Los Angeles wants to combat homelessness with more than housing
LOS ANGELES – At 19, Reba Stevens was caring for an elderly woman in exchange for housing. But when the homeowner died, Stevens, a single mother, was left with nowhere to go. Leaving her two-year-old daughter with relatives, she went on to spend the next 21 years on the streets of Los Angeles, in and out of homelessness.
Stevens eventually turned to drugs and alcohol in order to escape despair. She would often seek refuge and anonymity by aimlessly riding public transit, and resorted to shoplifting so that she could feed herself as she cycled through abusive relationships, shelters and jail cells.
“I lost me,” says Stevens. “Homeless is a very scary place to be.”
Repeated petty theft arrests led to a court-ordered visit with mental health professionals, who diagnosed Stevens with post-traumatic stress disorder and major depression. She says that without their services and guidance, she might never have found the hope she needed to begin building a life that would keep her off the streets.
More than food and shelter
People struggling with homelessness need access to more than food and shelter, according to Stevens. She says Los Angeles County’s Measure H, a proposal for a countywide sales tax increase of a quarter-cent to fund services for the poor, will address many of the underlying circumstances that perpetuate what officials in Los Angeles have a called a homelessness crisis.
“Homelessness is something where we have the cure, and we just need to figure out how to administer that,” says Chris Ko, the Director of Homelessness Initiatives for the United Way of Greater Los Angeles.
The number of people living on the street in Los Angeles rose from some 39,500 in 2013 to more than 44,300 in 2015, an increase of 12 percent, according to a report by the Los Angeles Homeless Services Authority (LAHSA).
And homelessness affects all communities, according to Ko. About 750 Asian Americans and Pacific Islanders in the city currently struggle to find shelter on a day to day basis, and many more live on “the brink of homelessness.”
Homeless Asians, Pacific Islanders
According to research by Enterprise, a nonprofit advocating for affordable housing, AAPIs represent five percent, or over 900,000, of the 19 million housing insecure families nationwide. In Los Angeles, nearly 45,000 AAPIs live in a state of housing insecurity.
And while the county is making progress, it needs more dedicated funding. “It is impossible for the County of Los Angeles to address the ongoing need for funding to combat homelessness within its own existing resources,” says Phil Ansell, the director of the County’s Homeless Initiative. “Most of the strategies that will be funded with Measure H revenue are well beyond the scope of the County’s statutory responsibilities.”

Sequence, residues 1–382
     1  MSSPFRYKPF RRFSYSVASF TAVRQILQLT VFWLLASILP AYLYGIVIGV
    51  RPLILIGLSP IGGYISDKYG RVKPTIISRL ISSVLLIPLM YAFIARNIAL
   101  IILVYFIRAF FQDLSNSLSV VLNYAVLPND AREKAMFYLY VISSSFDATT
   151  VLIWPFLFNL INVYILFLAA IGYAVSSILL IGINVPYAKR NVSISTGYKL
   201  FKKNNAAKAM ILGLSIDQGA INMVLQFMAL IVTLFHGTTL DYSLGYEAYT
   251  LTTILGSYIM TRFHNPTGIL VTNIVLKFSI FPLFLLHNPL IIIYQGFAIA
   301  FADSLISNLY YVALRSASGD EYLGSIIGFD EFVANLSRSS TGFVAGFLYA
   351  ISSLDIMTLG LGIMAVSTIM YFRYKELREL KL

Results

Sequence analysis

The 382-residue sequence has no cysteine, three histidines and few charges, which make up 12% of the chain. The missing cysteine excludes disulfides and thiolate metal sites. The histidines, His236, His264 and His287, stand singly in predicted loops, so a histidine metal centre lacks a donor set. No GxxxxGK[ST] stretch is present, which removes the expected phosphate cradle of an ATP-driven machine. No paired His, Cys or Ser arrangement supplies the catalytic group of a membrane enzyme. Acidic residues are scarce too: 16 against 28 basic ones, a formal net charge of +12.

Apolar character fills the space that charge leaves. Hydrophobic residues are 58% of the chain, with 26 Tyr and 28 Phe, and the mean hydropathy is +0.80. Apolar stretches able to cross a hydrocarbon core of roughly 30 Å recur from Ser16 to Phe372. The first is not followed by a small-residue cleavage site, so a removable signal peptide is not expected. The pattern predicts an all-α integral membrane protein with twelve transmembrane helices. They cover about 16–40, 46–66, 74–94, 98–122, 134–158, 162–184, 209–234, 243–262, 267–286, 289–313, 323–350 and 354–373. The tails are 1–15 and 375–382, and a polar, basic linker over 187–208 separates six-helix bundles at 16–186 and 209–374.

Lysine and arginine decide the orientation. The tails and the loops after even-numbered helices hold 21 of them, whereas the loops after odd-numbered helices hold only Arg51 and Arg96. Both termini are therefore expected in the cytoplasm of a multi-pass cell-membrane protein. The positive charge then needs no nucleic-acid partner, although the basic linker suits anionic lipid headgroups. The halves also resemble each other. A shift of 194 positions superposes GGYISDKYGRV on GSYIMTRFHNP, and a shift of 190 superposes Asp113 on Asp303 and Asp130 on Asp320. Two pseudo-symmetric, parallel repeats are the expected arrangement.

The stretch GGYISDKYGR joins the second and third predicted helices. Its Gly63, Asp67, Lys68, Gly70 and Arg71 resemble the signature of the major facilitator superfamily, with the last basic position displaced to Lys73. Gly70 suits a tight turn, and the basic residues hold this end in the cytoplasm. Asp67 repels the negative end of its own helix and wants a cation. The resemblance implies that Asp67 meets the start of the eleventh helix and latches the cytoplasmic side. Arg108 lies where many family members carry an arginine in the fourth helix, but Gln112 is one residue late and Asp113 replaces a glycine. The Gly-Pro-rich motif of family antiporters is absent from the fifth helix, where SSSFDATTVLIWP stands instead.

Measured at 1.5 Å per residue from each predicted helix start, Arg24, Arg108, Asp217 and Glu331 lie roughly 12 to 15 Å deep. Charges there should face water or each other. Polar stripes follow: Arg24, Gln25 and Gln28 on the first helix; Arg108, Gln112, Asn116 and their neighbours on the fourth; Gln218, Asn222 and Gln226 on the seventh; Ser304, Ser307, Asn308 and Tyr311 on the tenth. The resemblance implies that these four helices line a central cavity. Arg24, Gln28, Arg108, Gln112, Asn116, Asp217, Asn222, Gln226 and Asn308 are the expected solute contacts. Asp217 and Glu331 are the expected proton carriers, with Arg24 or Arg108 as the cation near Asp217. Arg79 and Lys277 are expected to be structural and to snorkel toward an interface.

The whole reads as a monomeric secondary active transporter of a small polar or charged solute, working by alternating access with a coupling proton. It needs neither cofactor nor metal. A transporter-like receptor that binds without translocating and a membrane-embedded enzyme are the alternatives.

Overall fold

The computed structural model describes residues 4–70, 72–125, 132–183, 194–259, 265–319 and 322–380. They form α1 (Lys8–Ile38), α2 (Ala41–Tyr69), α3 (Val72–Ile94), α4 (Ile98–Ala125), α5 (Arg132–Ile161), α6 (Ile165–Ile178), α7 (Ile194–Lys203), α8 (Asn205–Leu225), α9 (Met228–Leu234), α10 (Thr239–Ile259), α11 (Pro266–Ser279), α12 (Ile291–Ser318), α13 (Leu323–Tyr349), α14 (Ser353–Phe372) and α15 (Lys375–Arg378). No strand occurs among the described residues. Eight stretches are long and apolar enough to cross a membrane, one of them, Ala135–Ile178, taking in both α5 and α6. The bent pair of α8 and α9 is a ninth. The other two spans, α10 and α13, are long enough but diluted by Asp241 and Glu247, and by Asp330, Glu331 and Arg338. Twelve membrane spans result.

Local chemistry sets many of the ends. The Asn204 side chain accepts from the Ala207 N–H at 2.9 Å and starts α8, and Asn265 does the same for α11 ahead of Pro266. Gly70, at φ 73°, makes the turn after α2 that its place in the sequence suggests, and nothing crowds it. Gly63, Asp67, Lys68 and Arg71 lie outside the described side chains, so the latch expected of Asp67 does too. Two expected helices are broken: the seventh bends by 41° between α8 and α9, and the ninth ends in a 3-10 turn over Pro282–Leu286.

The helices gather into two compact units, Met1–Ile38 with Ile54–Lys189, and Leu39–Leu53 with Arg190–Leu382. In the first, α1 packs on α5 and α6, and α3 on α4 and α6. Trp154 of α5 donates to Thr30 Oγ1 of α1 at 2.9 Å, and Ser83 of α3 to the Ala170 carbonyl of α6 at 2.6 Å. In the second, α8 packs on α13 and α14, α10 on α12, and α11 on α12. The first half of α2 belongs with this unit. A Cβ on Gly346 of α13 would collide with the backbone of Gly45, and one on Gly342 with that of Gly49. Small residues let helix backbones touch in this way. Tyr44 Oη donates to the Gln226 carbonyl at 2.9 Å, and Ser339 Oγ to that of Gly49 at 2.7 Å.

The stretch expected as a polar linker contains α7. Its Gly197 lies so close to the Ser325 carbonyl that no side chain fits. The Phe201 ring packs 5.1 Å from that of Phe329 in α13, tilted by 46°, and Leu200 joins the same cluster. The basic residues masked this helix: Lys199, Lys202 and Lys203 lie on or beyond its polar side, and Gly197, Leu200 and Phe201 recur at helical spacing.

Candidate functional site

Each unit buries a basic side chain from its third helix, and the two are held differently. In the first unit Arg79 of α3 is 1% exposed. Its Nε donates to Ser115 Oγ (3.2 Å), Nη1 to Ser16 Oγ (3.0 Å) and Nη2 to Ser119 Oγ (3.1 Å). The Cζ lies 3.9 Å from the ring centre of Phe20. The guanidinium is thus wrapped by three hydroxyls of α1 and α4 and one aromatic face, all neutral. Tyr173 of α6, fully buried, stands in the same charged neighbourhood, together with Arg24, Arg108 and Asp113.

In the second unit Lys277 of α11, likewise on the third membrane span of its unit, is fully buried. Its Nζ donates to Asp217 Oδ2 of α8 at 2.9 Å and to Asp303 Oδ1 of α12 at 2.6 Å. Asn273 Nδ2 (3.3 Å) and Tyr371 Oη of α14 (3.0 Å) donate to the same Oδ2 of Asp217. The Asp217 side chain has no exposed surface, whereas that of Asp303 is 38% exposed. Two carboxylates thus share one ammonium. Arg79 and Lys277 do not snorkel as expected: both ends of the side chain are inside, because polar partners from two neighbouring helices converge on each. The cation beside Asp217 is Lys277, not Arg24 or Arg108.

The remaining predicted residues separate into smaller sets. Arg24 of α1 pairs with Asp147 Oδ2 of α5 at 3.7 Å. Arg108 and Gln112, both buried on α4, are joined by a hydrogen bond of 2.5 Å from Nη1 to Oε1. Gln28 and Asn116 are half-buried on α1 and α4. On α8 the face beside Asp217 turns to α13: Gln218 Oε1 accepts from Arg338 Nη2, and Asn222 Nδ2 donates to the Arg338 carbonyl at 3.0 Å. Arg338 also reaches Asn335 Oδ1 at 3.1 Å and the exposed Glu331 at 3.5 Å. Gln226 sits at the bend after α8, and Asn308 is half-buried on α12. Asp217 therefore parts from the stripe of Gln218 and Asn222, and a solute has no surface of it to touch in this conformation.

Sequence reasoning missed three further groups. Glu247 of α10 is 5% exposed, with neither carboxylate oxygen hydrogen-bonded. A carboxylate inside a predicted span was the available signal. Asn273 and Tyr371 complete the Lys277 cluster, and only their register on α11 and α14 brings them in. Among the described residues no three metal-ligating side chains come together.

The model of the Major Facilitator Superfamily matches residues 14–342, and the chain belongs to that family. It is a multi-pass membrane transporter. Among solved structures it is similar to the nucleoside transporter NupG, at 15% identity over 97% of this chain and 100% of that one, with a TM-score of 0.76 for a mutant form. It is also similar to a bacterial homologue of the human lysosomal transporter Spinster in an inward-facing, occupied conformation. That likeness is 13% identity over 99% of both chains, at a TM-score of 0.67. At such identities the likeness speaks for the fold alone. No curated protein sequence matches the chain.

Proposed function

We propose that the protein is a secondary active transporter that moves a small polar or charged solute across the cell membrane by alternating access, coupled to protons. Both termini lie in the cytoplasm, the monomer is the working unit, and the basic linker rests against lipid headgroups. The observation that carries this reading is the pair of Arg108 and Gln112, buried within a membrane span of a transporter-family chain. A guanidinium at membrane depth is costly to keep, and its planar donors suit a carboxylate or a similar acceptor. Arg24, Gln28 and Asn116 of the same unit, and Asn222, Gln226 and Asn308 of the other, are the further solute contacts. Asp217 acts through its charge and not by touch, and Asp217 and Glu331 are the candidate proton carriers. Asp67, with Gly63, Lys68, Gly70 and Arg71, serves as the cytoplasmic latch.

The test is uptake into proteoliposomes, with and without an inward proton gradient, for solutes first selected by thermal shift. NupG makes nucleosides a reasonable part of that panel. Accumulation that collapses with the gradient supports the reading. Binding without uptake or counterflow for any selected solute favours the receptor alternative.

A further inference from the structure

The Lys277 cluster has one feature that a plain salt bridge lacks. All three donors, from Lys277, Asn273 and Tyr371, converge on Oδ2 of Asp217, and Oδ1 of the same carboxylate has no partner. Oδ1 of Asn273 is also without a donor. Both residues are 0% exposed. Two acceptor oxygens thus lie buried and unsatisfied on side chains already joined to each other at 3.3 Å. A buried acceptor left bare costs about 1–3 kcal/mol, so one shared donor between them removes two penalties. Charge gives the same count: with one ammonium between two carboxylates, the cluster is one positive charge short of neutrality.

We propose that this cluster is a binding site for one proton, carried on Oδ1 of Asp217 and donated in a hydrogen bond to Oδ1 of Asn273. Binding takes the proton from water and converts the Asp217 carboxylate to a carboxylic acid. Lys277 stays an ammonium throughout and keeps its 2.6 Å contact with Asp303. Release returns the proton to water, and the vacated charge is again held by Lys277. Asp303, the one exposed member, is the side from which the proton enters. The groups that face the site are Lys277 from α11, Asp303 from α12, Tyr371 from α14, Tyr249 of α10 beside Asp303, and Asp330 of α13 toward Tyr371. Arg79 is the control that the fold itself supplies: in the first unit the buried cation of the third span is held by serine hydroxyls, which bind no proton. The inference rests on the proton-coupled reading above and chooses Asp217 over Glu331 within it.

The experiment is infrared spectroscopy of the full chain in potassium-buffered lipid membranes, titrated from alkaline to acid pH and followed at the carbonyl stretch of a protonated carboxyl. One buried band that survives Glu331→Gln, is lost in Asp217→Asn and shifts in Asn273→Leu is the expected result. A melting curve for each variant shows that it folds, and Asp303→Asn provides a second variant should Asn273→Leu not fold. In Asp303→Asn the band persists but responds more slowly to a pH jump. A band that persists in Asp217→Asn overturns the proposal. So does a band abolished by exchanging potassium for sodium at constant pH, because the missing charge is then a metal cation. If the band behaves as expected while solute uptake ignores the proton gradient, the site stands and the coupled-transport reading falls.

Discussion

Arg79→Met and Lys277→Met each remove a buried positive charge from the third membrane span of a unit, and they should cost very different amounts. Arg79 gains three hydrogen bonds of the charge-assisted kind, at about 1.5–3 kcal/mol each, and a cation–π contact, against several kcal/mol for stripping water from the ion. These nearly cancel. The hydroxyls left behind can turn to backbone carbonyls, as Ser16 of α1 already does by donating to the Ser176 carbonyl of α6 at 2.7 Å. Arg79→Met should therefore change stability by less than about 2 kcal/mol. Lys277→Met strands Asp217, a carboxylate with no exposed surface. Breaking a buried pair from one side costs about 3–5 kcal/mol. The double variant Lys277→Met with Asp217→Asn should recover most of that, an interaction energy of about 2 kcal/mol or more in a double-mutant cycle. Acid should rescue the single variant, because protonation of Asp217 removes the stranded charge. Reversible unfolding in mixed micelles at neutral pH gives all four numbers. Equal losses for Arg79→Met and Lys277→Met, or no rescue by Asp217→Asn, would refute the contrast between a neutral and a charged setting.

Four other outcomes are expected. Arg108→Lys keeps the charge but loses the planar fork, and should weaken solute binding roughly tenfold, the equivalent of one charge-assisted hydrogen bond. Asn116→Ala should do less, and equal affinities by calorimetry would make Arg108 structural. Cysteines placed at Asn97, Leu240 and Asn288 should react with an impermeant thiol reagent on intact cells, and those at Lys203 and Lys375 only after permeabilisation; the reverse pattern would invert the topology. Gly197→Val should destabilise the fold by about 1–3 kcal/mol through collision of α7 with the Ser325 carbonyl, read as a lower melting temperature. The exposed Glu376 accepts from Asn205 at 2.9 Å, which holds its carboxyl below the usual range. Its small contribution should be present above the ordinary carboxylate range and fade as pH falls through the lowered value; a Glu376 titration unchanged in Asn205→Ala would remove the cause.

The money generated by Measure H will go toward projects that will help identify and support those in danger of becoming homeless, in addition to efforts to house and care for those already living on the street. Many of these programs, like multilingual outreach campaigns and specialized services for veterans and victims of domestic abuse, seek to deliver aid to those people with unique needs who might be especially at risk.
Overwhelming voter support
The proposal would work in conjunction with Measure HHH, which won overwhelming support from voters during the November election. The previously approved measure permits the city to finance up to $1.2 billion in bonds to pay for new housing as well as mental health and addiction treatment centers for the homeless.
Proponents of both measures say they will save the city money in the long run. They cite research that suggests it is more cost effective for communities to provide people living on the streets with housing, along with preventative and holistic care, than it is to keep up with the medical and legal fees that accumulate as a consequence of homelessness.
“They’re already paying for [homelessness] today in the hospital system, in the jail system, in the mental health psych wards,” says Ko. “We can be cheaper and more proactive and humane about it, or we can be more expensive, reactive and kind of punishing.”
Some opponents of increased spending on homelessness issues have said that existing funds ought to be used more efficiently and have doubted whether or not simply giving more money will solve the problem.
However, LAHSA estimates that programs which provide support to the unsheltered in Los Angeles face a $450 million shortfall each year. Measure H would address that gap by generating a projected $355 million in tax revenue annually.
Ko concedes that many the city’s efforts to eradicate homelessness could benefit from cost-saving analysis.
However, he says, “Right now, we spend about $25 million to $50 million a year, so … literally everyone [in the homeless population] receives only a fraction of the services they need. Resources do matter and save lives.”
In order to pass, Measure H must receive approval from at least two-thirds of Angelenos voting in the upcoming municipal election on March 7.